I am an astrophysicist studying some of the most fascinating beasts of the Universe: supermassive black holes. These objects are found at the center of most galaxies and, when they accrete, can become the brightest persistent sources of radiation in the Cosmos. Supermassive black holes are also believed to play an important role in the life of their host galaxies, and might therefore help us to understand how galaxies evolve through Cosmic time. I am an Assistant Professor at the Nucleo de Astronomia of the Universidad Diego Portales, in Santiago, Chile. I am also a long-term visiting professor at the Kavli Institute for Astronomy and Astrophysics at Peking University, in China, and an affiliated faculty at the Department of Physics and Astronomy of George Mason University, Fairfax, USA.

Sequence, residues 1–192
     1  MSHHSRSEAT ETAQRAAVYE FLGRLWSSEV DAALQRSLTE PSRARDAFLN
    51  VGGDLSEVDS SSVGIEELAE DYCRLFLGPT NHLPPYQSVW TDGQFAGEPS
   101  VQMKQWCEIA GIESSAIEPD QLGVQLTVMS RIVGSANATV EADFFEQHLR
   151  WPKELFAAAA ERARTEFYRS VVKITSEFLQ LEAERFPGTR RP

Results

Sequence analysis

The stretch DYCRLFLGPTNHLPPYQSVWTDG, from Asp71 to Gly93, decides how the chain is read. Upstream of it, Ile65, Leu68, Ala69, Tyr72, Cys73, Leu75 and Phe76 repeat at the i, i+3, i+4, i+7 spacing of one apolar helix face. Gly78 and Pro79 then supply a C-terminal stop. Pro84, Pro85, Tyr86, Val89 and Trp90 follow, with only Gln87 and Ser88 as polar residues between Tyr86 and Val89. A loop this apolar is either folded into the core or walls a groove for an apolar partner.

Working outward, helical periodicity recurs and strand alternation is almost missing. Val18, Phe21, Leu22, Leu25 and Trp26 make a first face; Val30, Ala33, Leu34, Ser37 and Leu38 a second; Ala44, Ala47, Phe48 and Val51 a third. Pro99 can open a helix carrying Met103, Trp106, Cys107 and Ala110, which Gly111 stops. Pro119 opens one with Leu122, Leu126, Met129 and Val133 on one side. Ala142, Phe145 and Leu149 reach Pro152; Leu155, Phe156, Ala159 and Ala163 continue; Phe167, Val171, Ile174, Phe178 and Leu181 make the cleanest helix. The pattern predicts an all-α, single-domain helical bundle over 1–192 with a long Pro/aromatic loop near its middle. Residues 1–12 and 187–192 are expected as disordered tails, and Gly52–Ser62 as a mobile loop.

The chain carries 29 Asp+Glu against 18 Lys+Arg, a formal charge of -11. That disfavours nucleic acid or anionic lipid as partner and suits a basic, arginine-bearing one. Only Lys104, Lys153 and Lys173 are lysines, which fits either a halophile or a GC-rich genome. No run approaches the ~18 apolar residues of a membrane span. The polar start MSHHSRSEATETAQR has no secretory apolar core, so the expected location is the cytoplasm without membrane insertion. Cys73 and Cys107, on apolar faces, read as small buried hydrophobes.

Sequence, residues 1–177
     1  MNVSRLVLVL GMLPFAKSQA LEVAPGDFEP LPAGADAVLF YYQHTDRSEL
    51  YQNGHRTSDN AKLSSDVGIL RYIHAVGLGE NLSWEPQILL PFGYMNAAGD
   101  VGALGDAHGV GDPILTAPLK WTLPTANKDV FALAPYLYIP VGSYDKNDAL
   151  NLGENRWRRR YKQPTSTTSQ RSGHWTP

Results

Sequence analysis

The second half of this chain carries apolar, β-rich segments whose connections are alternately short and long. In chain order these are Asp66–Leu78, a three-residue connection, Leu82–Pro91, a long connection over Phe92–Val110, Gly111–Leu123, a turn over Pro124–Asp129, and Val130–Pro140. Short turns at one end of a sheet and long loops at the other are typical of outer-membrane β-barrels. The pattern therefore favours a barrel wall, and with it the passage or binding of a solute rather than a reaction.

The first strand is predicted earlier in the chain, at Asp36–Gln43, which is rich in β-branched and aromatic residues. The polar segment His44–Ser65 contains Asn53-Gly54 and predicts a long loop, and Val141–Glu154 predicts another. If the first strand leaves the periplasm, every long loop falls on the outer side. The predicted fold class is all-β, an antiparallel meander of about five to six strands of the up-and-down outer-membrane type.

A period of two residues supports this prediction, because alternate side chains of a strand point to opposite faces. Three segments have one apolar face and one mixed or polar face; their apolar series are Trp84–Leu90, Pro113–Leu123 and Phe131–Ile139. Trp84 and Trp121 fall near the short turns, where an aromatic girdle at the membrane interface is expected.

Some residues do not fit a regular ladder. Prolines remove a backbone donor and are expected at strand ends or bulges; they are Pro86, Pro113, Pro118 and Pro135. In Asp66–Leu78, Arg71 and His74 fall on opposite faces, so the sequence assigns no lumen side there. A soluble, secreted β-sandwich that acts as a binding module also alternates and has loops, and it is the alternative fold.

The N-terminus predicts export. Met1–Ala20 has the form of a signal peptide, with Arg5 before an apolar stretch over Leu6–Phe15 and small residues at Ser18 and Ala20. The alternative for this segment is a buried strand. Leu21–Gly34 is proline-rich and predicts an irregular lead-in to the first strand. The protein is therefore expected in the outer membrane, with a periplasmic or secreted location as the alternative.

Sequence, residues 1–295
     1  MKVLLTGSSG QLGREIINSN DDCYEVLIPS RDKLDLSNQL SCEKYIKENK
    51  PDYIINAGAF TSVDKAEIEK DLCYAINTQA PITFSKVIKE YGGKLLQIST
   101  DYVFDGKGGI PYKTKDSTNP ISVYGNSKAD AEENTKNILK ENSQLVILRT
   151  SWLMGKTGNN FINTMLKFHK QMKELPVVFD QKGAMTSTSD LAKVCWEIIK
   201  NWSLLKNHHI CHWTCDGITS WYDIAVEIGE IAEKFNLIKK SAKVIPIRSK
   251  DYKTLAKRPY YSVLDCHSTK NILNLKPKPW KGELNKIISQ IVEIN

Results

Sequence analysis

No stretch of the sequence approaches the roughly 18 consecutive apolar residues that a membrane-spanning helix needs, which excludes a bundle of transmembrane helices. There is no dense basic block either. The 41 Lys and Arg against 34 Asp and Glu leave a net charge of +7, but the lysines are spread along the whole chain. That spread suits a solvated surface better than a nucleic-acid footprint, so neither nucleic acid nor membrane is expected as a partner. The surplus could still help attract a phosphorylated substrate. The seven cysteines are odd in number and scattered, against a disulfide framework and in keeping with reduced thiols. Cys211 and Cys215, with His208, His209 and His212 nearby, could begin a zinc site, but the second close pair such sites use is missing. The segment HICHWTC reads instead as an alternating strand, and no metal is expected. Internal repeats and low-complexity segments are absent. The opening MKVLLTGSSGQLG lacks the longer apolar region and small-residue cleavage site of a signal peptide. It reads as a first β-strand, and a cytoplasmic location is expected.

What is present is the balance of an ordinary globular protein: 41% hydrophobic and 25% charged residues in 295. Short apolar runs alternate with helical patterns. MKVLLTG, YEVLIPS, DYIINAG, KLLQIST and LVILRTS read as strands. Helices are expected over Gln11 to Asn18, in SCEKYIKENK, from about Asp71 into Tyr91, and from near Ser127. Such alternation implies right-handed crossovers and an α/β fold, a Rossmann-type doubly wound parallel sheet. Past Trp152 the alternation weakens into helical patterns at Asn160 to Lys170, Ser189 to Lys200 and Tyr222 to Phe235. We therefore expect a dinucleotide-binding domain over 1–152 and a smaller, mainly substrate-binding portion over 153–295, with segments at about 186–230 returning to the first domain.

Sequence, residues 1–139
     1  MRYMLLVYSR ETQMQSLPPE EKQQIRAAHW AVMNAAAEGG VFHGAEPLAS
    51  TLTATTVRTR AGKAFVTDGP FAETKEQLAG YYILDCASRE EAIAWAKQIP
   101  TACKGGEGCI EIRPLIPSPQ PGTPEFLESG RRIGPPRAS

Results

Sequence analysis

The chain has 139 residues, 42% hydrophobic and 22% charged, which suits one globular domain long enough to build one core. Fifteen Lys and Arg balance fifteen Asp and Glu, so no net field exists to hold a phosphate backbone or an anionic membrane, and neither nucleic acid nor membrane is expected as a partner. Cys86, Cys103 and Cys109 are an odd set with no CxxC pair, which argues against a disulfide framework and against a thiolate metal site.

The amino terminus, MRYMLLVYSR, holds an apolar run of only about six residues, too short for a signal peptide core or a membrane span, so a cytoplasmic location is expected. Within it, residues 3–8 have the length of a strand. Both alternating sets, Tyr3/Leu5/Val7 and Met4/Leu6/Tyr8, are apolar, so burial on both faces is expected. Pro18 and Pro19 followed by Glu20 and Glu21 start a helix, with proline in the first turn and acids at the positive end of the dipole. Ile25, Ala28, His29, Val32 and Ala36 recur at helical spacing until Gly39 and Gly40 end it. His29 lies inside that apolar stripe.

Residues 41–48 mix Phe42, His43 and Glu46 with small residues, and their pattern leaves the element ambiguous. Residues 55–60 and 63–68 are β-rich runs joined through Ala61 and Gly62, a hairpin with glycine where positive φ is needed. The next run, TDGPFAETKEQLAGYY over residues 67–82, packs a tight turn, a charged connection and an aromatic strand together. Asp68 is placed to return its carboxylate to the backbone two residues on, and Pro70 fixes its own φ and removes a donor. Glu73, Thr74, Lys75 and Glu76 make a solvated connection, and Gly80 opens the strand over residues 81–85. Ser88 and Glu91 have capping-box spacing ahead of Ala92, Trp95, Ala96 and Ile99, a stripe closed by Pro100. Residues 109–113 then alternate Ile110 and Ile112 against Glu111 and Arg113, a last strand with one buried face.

My research is focussed on the structure and evolution of the material around supermassive black holes, combining X-ray spectroscopy with multi-wavelength observations. I am one of the co-founders of the Swift/BAT AGN Spectroscopic Survey (BASS), and of the science team of the hard X-ray NASA mission NuSTAR. I am also very interested in extreme AGN variability, particularly from the X-ray perspective.
I moved to Santiago in February 2015, after spending two years at the Department of Astronomy of Kyoto University, in Japan, as a JSPS fellow. At Kyoto University I was involved in the preparation for the Japanese-led X-ray satellite ASTRO-H.
I obtained my PhD in December 2011, the title of my PhD dissertation was Active Galactic Nuclei at hard X-rays: Absorption, Reflection and the Unified Model. My PhD work was carried out at the Data Centre for Astrophysics (ISDC), part of the Department of Astronomy of the University of Geneva, in Switzerland. At the ISDC I also worked on the development of the filter wheel for the X-ray spectrometer on board ASTRO-H.
My mail address: firstname.lastname@example.org